It is recommended to connect the rose pots to the garden watering computer in order for the watering to be arranged according to a plan that helps prevent water shortages or create excess water that causes the leaves to fall out.
Drip irrigation that does not wet the rose petals should always be preferred, and not in sprinklers.
The roses should be fertilized in an orderly way twice a year.
The fertilization period is in the spring until the beginning of summer.
It is recommended to fertilize at the beginning of the bloom with slow-release fertilizer.
The recommended fertilizers for roses are fertilizers that contain nitrogen, phosphorus, and potassium, such as 20.20.20 fertilizer which is an extremely versatile and effective fertilizer.
Encourages healthy growth.
A balanced formula suitable for a huge variety of plants and trees.
Can be dissolved in irrigation water or spread directly on the ground.
Provides all the essential nutrients for the plant.
Available to the plant immediately upon application.
If you are fertilizing with granular fertilizer, spread it below the drip line so that it disintegrates and reaches the roots.
It is advisable to spread compost around, about 5 cm from the ground, and after spreading the compost cultivate it into the ground.
Usually pruning will be done at the end of winter in late January – February (with the appearance of the buds), in the summer it should be pruned immediately after flowering.
In winter – if the winter was mild, you can postpone pruning, but it is recommended to cut weak branches.
It is recommended to prune in the center of the rose in order for more light to enter and thus develop better.
A sharp pair of secateurs should be used which will reduce the possibility of pests and fungi penetrating through the cut, as opposed to a flat pair of scissors. Using thick gloves and pruning ointment to anoint the cuts, are advised.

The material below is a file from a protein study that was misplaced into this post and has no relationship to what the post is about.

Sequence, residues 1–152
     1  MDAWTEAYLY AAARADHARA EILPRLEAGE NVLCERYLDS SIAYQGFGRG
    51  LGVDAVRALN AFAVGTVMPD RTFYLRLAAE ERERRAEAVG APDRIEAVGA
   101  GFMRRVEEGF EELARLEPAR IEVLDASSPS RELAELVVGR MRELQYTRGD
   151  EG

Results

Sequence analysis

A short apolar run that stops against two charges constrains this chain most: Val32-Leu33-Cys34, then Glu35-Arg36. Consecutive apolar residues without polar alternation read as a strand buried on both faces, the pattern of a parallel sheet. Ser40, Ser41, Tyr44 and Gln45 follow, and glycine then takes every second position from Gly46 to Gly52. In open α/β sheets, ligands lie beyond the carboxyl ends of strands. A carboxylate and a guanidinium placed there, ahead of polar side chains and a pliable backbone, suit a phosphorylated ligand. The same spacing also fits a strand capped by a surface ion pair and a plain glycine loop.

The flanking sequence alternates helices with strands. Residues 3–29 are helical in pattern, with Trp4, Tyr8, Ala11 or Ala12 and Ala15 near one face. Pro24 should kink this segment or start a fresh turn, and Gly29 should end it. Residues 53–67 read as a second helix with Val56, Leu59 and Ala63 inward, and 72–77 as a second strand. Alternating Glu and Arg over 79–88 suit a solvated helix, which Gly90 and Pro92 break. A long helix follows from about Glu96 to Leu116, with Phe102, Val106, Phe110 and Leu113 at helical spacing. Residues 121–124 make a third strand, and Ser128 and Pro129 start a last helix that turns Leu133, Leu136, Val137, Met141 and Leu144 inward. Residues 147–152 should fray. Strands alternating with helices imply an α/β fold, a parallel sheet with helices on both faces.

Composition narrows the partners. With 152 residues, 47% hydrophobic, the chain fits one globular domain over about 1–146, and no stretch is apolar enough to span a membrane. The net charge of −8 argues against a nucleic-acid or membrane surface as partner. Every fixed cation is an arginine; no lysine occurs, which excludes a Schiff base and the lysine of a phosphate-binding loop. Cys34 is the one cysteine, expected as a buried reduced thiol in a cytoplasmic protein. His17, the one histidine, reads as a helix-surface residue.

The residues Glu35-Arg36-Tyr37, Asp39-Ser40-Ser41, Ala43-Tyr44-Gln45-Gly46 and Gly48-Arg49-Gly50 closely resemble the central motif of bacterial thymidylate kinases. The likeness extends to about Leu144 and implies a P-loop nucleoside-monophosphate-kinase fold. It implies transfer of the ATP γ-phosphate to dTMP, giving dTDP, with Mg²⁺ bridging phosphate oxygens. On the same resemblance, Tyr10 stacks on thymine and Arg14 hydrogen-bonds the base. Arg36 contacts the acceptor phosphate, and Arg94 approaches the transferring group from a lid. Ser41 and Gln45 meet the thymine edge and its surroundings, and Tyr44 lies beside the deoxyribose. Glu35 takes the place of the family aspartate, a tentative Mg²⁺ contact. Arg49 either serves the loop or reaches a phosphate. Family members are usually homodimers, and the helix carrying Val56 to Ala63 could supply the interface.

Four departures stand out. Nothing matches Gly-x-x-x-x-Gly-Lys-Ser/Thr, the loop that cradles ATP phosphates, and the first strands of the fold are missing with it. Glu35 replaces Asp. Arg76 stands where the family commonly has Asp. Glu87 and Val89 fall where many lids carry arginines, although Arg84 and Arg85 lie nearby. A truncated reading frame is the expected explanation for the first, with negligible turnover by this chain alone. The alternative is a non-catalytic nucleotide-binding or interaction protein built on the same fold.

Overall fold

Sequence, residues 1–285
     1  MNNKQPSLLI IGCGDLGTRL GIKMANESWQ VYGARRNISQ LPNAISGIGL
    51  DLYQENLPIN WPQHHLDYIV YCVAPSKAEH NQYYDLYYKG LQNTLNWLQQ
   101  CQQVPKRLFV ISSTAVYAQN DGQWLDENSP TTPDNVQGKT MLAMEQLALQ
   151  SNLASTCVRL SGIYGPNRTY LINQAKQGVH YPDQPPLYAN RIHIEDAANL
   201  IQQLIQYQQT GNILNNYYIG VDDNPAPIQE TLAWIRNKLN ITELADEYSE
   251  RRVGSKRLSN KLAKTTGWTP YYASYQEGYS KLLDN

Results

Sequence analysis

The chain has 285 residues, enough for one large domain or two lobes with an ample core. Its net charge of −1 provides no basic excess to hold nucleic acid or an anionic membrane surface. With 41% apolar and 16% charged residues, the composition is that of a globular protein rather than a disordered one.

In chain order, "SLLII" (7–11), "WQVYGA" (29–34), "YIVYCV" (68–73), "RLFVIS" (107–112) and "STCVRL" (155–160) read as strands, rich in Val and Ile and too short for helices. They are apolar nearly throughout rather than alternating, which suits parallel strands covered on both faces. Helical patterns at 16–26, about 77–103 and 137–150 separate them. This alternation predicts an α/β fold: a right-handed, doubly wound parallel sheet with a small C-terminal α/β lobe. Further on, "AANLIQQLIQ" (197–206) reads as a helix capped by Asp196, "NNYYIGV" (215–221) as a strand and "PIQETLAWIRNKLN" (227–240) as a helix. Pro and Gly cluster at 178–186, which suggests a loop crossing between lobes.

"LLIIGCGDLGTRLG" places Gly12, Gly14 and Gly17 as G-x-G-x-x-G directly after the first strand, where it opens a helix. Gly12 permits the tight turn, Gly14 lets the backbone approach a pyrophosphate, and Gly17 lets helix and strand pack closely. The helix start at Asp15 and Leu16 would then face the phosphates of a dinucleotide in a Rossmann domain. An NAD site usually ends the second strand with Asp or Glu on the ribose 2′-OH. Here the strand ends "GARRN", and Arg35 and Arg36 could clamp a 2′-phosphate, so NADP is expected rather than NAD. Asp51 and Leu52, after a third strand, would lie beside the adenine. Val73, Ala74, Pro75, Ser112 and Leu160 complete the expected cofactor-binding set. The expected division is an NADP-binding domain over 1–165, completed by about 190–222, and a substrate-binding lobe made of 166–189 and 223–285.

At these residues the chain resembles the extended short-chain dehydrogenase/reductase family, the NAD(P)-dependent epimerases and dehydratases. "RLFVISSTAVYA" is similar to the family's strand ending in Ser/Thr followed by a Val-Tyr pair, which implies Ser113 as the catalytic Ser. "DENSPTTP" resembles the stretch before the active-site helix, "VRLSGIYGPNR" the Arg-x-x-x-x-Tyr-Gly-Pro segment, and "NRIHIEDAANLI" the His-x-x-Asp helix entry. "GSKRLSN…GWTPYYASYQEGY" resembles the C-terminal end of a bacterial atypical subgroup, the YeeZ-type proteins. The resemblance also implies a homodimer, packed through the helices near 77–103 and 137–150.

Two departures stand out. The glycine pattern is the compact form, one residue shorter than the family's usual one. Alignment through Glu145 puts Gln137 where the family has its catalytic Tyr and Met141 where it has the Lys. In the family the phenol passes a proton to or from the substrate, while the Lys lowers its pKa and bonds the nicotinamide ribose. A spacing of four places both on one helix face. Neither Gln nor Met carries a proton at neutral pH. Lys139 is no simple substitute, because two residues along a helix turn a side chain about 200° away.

If we prune until a dead area in the branch, about where the leaves carry 7 small leaves, we will encourage emergence of new buds (located in the lap of the leaves) and continues of more branching and branch growth.
New branches will usually, after a few weeks, lead to another wave of blooming.
Pruning is done above the bud, at a distance of 3-5 mm and diagonally descending from the eye at 45 degrees to the other side of the branch.
In the winter season the growth of the rose stops, until the end of winter.
It could be as early as January or as late as May, depending on your climate.
This is the time each year, to determine the rose plant skeleton and the growth that will develop from it.
One can know that the rose begins to wake up when the buds (growth tubers) begin to swell.
The pruning is done in 5 steps to ensure that you act correctly and extend the life of the plant:
- Get to know the nature of the rose you intend to prune.
Identify the condensed place of the grafting place, called the “grafting point”.
Notice the age of the branches coming out of the “grafting point” according to the color of the thorns.
In a young branch, their color is green or reddish (according to the variety of rose).
In a maturing branch, the color of the thorns is dark brown.